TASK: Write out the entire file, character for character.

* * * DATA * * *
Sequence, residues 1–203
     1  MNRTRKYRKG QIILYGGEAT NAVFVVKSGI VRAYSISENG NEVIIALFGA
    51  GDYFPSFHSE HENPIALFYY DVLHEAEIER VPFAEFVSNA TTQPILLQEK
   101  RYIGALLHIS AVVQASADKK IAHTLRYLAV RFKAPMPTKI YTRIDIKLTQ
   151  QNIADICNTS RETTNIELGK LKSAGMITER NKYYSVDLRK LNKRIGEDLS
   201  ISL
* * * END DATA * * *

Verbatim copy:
Sequence, residues 1–203
     1  MNRTRKYRKG QIILYGGEAT NAVFVVKSGI VRAYSISENG NEVIIALFGA
    51  GDYFPSFHSE HENPIALFYY DVLHEAEIER VPFAEFVSNA TTQPILLQEK
   101  RYIGALLHIS AVVQASADKK IAHTLRYLAV RFKAPMPTKI YTRIDIKLTQ
   151  QNIADICNTS RETTNIELGK LKSAGMITER NKYYSVDLRK LNKRIGEDLS
   201  ISL